Mining the Summit:
Colorado’s Ten Mile District, 1860-1960
Mr. H. Stanley Dempsey, James E. Fell Jr.
Colorado’s Ten Mile Mining District was north of Leadville and south of Copper Mountain. Sandwiched between two mountain ranges, fully two miles above sea level, the district had a remarkable history that was a microcosm of the mining West.
The first adventurers came to Ten Mile in 1860, searching for gold—the instant wealth that might be found on the icy streambed bordering an ancient Indian trail through the Ten Mile Valley. But digging through snowdrifts in mid-summer was just too much, the gold petered out, and the boom collapsed.
Twenty years later came a silver stampede in the middle of winter, which was followed by many more dramatic events: a bonanza king shot in the midst of a claim dispute, a devastating fire that wiped out an entire town in a single night, a railroad war, the battle of an eminent geologist against a recalcitrant federal bureaucracy, and the invention of a world-famous piece of mining machinery by an introspective entrepreneur. Finally, during World War I came the rush to mine molybdenum, the metal that made Ten Mile one of the world’s most important mining districts, one that rivaled Leadville and Cripple Creek.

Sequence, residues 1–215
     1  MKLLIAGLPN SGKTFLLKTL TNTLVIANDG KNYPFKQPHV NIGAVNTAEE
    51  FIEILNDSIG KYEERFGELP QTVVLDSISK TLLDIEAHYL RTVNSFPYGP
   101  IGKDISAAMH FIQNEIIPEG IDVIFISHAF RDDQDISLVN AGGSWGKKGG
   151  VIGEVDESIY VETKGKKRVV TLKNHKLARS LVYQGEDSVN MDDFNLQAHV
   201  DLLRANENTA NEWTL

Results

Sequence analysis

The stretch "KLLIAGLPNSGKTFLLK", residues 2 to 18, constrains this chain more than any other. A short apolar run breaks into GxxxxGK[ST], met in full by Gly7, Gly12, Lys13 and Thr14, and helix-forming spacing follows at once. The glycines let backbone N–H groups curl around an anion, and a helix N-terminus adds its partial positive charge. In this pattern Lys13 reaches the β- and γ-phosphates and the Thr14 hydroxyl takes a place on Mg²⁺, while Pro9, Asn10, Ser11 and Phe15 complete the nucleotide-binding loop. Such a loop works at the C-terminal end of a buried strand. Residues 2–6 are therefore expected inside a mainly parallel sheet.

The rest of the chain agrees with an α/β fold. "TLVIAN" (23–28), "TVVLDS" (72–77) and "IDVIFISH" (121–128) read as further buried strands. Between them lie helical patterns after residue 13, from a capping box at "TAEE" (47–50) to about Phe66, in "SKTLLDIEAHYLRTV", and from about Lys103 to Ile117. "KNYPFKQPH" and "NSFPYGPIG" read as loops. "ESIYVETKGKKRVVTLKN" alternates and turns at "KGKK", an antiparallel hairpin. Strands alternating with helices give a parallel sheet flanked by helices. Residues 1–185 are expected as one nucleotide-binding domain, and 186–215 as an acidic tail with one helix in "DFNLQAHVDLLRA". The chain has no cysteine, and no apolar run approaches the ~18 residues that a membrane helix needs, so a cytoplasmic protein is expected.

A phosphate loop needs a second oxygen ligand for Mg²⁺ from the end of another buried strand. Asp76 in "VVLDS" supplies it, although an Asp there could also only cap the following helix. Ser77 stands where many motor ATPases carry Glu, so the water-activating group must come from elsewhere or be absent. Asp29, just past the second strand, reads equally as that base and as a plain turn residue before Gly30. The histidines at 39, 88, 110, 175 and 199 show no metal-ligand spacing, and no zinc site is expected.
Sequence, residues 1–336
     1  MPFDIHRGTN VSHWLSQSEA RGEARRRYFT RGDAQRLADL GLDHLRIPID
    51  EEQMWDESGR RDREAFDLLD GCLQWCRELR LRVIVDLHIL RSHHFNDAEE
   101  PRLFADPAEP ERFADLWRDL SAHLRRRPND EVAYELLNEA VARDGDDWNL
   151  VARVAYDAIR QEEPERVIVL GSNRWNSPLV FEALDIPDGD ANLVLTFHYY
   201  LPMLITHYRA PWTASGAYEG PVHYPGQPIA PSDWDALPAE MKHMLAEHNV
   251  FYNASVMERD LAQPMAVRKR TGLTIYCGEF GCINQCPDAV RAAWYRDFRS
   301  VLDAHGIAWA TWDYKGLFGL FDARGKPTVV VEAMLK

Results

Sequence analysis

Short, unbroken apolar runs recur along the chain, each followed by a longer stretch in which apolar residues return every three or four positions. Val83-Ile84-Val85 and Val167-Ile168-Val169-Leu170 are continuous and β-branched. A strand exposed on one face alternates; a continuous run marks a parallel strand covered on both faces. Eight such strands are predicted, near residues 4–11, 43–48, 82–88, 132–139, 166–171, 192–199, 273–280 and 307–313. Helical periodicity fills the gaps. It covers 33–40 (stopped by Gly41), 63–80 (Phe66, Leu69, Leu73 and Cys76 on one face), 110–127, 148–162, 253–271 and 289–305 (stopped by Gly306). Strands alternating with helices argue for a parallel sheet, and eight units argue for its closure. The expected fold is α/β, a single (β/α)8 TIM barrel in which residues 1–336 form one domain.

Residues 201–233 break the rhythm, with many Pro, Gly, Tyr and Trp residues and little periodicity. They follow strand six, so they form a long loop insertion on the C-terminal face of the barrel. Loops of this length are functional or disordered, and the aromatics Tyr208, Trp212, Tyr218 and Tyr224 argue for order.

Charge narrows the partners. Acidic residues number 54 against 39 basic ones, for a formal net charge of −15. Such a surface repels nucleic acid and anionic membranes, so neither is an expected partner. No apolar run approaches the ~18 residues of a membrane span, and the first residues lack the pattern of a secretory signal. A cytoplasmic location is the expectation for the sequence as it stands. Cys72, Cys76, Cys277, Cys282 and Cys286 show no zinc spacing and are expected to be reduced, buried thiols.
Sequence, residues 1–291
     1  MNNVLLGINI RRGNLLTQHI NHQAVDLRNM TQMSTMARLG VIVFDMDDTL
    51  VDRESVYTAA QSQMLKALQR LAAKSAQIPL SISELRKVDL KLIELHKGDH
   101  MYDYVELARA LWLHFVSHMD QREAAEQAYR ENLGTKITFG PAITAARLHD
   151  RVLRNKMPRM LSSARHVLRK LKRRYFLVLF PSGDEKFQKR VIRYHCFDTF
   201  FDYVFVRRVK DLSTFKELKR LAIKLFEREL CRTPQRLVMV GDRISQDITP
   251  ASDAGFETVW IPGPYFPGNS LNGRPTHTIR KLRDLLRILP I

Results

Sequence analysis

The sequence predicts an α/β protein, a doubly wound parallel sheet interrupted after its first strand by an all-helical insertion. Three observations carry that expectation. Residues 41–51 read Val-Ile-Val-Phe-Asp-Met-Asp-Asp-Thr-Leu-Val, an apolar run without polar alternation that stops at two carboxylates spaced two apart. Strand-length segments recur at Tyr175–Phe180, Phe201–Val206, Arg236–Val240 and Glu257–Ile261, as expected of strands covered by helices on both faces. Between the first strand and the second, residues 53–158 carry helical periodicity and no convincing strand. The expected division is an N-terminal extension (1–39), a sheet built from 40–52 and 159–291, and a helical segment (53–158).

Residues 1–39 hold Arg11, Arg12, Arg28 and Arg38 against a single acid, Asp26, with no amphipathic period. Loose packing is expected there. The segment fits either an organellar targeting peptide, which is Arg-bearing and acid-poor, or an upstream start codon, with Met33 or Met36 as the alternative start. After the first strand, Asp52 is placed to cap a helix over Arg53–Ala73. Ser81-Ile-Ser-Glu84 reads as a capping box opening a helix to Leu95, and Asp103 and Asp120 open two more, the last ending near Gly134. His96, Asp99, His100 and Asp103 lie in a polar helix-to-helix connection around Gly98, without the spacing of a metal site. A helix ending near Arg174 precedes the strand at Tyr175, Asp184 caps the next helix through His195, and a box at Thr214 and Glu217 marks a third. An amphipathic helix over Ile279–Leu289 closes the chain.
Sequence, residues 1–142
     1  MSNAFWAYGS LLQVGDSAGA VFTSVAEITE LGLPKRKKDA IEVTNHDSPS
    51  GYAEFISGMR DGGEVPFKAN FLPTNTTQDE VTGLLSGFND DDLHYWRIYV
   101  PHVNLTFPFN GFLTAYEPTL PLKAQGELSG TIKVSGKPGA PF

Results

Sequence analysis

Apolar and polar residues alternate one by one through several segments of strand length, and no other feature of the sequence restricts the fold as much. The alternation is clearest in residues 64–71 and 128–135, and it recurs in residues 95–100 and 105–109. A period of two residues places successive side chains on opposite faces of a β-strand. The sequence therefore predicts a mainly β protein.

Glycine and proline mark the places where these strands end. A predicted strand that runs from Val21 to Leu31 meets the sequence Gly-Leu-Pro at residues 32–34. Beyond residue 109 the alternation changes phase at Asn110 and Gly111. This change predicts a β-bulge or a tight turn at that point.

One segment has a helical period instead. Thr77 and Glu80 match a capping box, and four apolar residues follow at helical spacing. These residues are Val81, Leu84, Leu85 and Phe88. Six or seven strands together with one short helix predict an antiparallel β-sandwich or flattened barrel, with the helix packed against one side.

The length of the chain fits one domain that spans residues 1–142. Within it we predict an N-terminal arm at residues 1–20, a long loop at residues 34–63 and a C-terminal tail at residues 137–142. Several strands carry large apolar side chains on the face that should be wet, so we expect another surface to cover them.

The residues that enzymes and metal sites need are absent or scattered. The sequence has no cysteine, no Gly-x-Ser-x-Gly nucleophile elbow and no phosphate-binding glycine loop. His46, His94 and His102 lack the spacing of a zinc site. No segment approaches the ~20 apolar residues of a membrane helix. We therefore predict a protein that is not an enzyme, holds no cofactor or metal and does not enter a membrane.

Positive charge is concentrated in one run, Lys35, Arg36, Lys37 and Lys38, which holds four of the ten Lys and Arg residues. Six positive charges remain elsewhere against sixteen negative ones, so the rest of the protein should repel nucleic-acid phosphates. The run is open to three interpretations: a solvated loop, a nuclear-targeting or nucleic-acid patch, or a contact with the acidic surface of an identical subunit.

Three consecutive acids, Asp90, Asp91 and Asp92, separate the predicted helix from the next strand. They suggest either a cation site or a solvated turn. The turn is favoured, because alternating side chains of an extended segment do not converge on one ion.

Although mineral production impelled every phase of ten Mile’s development, the climate and the mountain geography also influenced the men and women who lived there. The district was so high that the short summers, long winters, and frequently inclement weather altered production, hampered communications, and disrupted transportation, making the miners’ hard life much more difficult. Subfreezing temperatures, deep snows, and deadly avalanches created havoc from October to May and beyond, while the spring runoff turned roads into quagmires.
Although Ten Mile’s history and situation were unique, the district reflected developments throughout Colorado and the mining West. Each new discovery triggered a larger-scale mobilization of capital and labor, the use of more advanced technology, and the ongoing development of the infrastructure needed to support mining. Such themes characterized American mining during the century covered in this fascinating book.
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